, Volume 300, Issue 5, pp 243-251
Date: 02 Apr 2008

Effects of physical and chemical treatments upon biophysical properties and micro-relief of human skin

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Abstract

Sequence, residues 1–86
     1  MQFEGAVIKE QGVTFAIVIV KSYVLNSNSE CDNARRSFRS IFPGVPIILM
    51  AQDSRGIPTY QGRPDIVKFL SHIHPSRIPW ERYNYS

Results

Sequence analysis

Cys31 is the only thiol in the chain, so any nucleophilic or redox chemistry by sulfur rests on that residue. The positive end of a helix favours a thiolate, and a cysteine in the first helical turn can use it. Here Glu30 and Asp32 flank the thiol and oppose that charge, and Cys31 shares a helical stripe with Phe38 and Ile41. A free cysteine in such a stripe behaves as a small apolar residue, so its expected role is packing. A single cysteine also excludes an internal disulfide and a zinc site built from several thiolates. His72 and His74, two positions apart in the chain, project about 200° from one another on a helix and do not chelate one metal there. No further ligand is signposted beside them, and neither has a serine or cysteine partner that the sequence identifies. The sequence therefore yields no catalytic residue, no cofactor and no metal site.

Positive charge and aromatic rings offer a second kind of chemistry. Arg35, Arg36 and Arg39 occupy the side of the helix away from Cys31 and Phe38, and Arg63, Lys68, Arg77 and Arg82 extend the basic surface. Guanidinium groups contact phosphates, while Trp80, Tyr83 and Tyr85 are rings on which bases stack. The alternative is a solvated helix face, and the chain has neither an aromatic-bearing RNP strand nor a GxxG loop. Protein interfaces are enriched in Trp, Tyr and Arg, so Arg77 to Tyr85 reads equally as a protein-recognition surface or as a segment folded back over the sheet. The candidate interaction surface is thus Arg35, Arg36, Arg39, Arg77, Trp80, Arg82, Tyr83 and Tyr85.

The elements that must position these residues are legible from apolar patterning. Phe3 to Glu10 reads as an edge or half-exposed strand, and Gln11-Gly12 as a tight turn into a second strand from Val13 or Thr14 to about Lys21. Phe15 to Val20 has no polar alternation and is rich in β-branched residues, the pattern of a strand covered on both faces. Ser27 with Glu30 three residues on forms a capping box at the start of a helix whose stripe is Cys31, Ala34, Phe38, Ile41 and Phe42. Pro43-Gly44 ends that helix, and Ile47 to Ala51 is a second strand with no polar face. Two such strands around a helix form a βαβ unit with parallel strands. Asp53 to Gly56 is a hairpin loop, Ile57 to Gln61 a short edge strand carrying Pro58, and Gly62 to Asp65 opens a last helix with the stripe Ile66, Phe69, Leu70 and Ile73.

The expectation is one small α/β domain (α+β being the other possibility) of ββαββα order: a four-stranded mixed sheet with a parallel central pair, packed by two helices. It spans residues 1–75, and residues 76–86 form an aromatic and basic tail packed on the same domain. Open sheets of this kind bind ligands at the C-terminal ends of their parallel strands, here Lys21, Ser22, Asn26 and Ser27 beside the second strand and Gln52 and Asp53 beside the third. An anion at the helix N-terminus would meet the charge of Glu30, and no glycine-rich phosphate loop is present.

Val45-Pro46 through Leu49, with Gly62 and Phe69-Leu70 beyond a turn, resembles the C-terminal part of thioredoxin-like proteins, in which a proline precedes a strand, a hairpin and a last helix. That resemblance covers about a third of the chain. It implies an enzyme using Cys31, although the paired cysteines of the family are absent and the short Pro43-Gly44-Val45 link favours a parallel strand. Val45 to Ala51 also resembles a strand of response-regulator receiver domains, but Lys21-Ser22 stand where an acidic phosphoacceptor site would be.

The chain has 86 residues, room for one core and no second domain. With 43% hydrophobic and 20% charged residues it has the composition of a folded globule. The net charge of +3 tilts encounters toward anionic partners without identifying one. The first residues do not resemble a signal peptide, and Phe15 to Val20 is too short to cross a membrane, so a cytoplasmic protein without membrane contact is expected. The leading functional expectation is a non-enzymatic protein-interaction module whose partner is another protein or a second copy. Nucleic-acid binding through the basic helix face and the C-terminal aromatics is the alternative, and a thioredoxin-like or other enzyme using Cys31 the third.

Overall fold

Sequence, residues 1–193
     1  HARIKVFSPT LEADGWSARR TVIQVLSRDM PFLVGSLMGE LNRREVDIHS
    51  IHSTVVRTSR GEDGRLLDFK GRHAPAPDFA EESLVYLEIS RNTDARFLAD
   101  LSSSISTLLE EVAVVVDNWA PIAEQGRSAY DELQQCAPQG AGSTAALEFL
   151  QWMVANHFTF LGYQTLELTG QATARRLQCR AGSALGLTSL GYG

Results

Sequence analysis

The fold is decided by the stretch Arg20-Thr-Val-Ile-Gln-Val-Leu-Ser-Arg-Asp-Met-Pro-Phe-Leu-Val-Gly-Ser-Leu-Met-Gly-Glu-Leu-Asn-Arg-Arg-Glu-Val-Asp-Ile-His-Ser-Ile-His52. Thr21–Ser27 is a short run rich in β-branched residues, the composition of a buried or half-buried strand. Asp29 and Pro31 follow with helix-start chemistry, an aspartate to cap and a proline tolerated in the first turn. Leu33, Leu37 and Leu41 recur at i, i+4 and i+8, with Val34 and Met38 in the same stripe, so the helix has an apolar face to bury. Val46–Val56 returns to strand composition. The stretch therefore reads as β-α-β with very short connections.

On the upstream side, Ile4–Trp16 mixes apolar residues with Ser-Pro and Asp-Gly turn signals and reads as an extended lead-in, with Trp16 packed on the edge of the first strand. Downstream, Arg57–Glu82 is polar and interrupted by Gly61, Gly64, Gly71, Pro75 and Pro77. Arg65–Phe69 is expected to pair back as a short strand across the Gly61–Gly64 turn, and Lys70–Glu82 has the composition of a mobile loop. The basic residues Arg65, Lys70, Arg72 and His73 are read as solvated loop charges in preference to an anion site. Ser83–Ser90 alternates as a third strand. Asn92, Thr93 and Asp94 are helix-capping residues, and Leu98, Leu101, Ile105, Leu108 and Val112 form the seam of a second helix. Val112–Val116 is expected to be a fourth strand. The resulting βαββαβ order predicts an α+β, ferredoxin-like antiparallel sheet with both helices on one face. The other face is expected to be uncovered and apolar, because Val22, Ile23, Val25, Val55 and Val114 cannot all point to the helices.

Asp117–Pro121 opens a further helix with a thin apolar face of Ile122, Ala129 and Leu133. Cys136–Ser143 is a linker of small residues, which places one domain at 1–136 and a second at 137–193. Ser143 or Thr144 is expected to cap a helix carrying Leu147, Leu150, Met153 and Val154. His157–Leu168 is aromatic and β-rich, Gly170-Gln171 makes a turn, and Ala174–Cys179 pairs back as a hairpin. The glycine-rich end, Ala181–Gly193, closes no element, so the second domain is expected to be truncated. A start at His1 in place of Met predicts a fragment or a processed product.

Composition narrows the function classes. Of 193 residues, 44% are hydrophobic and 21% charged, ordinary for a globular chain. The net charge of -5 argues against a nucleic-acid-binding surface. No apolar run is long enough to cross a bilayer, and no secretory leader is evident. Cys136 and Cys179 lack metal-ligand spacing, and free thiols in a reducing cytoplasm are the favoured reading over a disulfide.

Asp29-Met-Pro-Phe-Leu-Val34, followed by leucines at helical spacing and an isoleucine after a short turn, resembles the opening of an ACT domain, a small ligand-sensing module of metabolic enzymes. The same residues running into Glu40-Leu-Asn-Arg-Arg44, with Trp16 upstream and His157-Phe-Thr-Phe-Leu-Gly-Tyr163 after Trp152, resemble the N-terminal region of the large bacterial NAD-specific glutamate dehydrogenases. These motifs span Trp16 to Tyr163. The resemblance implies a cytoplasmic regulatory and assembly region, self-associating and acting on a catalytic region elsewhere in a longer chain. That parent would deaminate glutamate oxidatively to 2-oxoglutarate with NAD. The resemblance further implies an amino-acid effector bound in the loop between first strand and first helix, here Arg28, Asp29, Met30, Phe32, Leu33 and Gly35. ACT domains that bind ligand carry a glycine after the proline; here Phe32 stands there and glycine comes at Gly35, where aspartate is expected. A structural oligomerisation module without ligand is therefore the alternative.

The aim of the present study was to determine the attendant effects of physical (tape-stripping) and chemical (three commercial hydrating formulations) treatments upon biophysical and micro-relief properties of human skin. In the first set of experiment, the effects of tape-stripping onto human stratum corneum (SC) biophysical and micro-relief properties were assessed in nine volunteers. Transepidermal water loss (TEWL), skin hydration and micro-relief parameters (including total length of the lines in mm per mm2; total surface in %; roughness of the skin measured in gray level (Ra); maximum profile valley (Rv) depth; maximum profile peak height (Rp); maximum height (Rt), peak density (Pc) and coefficient of anisotropy) were determined by using SkinEvidence® Pro after subsequent tape-stripping of SC. The relevance of roughness determination as gray level by SkinEvidence® Pro was confirmed by using surface roughness standards. In the second set of experiment, the effectiveness of three commercial hydrating formulations onto human SC biophysical parameters and micro-relief properties were assessed in six volunteers. TEWL, hydration and micro-relief parameters were assessed onto pre-treated acetone skin and then treated by three commercial hydrating formulations after 2, 4 and 6 h skin exposure. A linear relation between hydration and cutaneous parameters (total length of the lines, Ra and Rp) as function of SC removed was shown. Skin barrier properties evaluated by TEWL measurements, were not modified by topical formulations. However, skin treated by topical formulations showed slightly higher hydration than the one determined in control group, while micro-relief parameters were not modified. In this study was showed that biophysical and micro-relief parameters were closely related in tape-stripping experiment. Efficiency of topical formulations was suggested upon skin hydration but not onto skin micro-relief and barrier function recovering. From both experiments, it appears that different mechanisms relating to skin hydration and potential modification of cutaneous micro-relief were suggested.